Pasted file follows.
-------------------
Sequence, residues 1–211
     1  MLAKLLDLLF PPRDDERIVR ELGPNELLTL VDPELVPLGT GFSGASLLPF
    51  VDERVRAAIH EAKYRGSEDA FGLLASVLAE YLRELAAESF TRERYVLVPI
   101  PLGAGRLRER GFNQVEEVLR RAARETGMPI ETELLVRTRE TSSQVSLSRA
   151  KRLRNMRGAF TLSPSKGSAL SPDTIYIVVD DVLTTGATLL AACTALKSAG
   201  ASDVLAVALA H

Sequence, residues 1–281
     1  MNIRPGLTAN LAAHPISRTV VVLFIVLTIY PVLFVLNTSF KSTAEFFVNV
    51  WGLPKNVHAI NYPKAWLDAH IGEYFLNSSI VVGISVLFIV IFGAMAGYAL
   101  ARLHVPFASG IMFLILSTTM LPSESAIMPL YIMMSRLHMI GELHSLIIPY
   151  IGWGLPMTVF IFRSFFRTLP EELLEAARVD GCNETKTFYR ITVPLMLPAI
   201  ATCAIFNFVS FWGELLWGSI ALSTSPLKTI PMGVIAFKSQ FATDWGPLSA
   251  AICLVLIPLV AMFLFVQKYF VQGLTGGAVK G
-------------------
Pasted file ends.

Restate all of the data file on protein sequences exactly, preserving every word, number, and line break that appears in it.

Sequence, residues 1–211
     1  MLAKLLDLLF PPRDDERIVR ELGPNELLTL VDPELVPLGT GFSGASLLPF
    51  VDERVRAAIH EAKYRGSEDA FGLLASVLAE YLRELAAESF TRERYVLVPI
   101  PLGAGRLRER GFNQVEEVLR RAARETGMPI ETELLVRTRE TSSQVSLSRA
   151  KRLRNMRGAF TLSPSKGSAL SPDTIYIVVD DVLTTGATLL AACTALKSAG
   201  ASDVLAVALA H

Sequence, residues 1–281
     1  MNIRPGLTAN LAAHPISRTV VVLFIVLTIY PVLFVLNTSF KSTAEFFVNV
    51  WGLPKNVHAI NYPKAWLDAH IGEYFLNSSI VVGISVLFIV IFGAMAGYAL
   101  ARLHVPFASG IMFLILSTTM LPSESAIMPL YIMMSRLHMI GELHSLIIPY
   151  IGWGLPMTVF IFRSFFRTLP EELLEAARVD GCNETKTFYR ITVPLMLPAI
   201  ATCAIFNFVS FWGELLWGSI ALSTSPLKTI PMGVIAFKSQ FATDWGPLSA
   251  AICLVLIPLV AMFLFVQKYF VQGLTGGAVK G